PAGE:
Document Type: Commentary
Department of International Development & STICERD, London School of Economics, London, UK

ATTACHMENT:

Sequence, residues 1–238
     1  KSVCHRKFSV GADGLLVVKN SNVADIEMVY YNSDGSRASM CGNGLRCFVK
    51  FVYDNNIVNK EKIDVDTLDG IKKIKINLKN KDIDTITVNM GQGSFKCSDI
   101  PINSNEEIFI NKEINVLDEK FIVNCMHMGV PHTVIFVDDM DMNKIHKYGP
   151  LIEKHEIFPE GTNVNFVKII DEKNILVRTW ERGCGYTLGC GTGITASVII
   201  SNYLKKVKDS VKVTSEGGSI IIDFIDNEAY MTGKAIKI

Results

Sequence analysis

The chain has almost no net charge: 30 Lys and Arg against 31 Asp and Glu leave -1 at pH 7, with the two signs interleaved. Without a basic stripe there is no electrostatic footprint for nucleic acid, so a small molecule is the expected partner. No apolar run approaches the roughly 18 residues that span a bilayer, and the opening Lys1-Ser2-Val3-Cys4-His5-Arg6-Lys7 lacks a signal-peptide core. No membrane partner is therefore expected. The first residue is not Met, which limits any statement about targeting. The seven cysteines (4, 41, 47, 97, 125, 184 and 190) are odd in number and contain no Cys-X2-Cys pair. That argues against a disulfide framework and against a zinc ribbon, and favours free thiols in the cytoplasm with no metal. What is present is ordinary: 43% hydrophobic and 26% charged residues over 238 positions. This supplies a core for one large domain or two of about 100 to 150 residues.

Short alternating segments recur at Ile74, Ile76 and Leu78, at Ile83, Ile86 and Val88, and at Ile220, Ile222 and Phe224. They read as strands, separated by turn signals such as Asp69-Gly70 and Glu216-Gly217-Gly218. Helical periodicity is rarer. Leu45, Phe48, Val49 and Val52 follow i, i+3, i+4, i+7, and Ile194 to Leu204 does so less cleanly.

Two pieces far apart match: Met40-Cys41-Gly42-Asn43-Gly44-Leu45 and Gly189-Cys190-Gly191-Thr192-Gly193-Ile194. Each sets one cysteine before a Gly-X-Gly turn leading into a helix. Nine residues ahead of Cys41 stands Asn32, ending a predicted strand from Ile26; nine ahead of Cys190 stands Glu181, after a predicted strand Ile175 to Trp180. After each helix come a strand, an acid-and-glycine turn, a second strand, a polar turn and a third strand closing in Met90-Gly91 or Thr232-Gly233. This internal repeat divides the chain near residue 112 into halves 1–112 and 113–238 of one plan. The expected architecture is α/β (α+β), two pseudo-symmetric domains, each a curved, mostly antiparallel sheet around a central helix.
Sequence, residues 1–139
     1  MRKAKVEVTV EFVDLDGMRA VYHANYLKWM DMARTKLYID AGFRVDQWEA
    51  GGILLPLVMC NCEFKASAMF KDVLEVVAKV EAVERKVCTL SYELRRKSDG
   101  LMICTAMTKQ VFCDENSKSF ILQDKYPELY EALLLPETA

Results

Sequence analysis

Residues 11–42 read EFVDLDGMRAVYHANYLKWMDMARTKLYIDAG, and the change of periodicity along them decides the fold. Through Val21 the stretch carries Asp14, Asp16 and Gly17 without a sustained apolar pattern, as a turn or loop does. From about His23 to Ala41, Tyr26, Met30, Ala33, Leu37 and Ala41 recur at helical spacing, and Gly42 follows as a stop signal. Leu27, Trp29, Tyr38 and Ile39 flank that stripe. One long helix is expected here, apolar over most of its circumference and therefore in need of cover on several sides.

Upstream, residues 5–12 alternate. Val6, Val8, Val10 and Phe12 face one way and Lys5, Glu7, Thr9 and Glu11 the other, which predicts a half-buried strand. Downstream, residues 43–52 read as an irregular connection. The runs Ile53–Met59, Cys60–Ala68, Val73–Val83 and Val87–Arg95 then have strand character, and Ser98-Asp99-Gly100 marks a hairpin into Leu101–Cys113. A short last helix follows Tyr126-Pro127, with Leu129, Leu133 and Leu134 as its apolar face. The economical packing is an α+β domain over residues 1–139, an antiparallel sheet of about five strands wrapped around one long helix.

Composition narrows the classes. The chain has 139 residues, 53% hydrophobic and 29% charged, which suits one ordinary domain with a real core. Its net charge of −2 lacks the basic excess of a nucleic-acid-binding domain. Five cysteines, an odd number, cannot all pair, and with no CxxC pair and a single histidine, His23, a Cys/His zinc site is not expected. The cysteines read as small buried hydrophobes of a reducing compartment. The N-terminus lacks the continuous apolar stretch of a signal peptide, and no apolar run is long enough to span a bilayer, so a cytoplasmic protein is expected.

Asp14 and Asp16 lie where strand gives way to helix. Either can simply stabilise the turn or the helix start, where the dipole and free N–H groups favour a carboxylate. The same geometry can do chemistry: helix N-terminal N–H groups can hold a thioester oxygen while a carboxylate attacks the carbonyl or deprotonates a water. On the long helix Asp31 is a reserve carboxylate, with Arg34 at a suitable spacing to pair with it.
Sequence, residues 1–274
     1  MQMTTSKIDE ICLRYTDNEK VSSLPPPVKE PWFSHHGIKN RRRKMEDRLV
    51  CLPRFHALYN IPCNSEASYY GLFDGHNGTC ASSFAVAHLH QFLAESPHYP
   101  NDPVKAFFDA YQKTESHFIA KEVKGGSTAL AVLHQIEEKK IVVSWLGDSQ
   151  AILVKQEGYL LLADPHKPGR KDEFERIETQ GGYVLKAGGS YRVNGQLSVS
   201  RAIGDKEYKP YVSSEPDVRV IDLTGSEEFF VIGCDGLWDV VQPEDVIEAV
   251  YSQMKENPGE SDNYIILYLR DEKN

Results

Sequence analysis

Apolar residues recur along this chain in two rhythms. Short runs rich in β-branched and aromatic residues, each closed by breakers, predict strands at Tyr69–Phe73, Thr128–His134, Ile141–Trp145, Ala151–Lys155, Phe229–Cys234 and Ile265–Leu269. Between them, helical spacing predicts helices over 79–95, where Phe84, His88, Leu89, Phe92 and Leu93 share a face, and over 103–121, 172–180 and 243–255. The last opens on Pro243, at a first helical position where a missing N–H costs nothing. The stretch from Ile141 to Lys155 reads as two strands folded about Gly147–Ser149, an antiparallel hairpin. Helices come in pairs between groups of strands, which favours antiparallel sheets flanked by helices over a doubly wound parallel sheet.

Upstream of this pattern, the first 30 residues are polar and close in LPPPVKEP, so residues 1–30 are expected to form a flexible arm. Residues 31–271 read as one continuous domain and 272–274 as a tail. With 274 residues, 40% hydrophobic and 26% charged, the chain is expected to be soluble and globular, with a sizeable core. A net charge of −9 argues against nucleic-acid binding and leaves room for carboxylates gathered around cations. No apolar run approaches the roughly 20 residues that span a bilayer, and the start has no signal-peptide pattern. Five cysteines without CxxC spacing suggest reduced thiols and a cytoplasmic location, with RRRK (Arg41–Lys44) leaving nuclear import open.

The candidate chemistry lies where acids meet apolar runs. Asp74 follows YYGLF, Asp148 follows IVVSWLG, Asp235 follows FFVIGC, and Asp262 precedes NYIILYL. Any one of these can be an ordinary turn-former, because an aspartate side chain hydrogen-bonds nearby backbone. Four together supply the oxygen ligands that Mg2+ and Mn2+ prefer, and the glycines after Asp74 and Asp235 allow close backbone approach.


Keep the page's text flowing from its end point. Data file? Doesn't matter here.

Mohammed, North, and Ashton find that decentralization in Fiji shifted health-sector workloads from tertiary hospitals to peripheral health centres, but with little transfer of administrative authority from the centre. Decisionmaking in five functional areas analysed remains highly centralized. They surmise that the benefits of decentralization in terms of services and outcomes will be limited. This paper invokes Faguet’s (2012) model of local government responsiveness and accountability to explain why this is so – not only for Fiji, but in any country that decentralizes workloads but not the decision space of local governments. A competitive dynamic between economic and civic actors that interact to generate an open, competitive politics, which in turn produces accountable, responsive government can only occur where real power and resources have been devolved to local governments. Where local decision space is lacking, by contrast, decentralization is bound to fail because it has not really happened in the first place.